Most pregnant women get offers like, “Let me know if I can be of any help,”…. “Just let me know if you need a hand” from family and friends. But lots of new mothers do not know how to ask for help – or do not think they should need it. They shy away from making requests when they need it the most. Every new mother needs every bit of help that is offered at this stage.
Unrealistic expectations and taking on too much not only cause stress, but hinders the body’s ability to heal after birth. What matters most at this stage is bonding with the baby and getting some sleep, while letting go of other things. The best thing the new mom can do to ease into parenthood is go easy on herself and try to line up support for those early weeks.
If the new parents are lucky to live near parents or friends and relatives with whom they have good relationships, they should never shy away from asking for help. Simple gesture like holding the baby will definitely come as a huge help. Remember to choose the helpers wisely. Now is not the time to deal with people who will cause stress or drama.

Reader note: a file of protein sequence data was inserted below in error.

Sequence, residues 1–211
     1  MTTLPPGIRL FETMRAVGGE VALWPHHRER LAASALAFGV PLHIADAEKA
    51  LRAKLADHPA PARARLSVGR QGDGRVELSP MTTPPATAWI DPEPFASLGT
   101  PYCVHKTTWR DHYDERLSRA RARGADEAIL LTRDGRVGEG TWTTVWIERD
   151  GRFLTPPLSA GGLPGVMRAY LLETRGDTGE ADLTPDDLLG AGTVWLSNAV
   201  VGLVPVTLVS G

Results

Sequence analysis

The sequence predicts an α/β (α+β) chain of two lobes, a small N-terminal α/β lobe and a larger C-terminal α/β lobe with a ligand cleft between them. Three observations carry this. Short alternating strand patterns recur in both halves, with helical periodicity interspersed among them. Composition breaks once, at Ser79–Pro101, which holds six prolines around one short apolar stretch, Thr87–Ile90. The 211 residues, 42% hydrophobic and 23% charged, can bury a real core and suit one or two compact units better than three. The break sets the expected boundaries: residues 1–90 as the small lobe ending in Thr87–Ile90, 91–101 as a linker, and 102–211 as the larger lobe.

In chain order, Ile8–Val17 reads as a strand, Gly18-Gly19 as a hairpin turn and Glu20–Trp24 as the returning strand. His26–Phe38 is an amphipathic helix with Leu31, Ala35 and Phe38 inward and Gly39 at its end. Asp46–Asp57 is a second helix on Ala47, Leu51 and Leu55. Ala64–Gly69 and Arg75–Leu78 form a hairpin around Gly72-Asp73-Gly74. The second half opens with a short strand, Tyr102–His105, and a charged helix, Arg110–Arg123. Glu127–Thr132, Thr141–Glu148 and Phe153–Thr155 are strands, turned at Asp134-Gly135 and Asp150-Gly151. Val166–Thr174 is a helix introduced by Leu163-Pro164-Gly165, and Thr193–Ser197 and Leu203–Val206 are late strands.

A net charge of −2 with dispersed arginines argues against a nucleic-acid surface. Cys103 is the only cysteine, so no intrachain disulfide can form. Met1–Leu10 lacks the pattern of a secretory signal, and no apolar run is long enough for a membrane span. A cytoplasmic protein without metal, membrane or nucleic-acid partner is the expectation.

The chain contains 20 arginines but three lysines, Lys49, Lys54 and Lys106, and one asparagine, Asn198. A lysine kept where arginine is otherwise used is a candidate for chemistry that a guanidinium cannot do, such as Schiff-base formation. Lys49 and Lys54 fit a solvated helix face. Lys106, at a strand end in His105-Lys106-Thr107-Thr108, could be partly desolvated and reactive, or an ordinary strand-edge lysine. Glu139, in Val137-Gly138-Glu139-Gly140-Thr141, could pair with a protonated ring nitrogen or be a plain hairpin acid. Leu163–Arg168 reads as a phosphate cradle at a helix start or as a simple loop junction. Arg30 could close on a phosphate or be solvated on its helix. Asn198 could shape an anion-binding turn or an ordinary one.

The new mom should be honest about her feelings with her partner, so that they both are on the same page about who and what is most useful to her now.
The new mom should encourage her partner to take on an active role in baby care, and let him do things his own way so he too can pick up parenting skills and gain confidence.
Not everyone will benefit from the same kind of help. So if the new mom thinks that she prefers daytime visits from her friends and relatives, she should inject a bit of humour to let them know her preference.
When help is not readily available the new mom may seek help from:
- Pay for a temporary maid service
- Arrange for grocery deliveries
- Hire a postpartum doula who provides support for new parents, assists with newborn care, meal preparation and light housework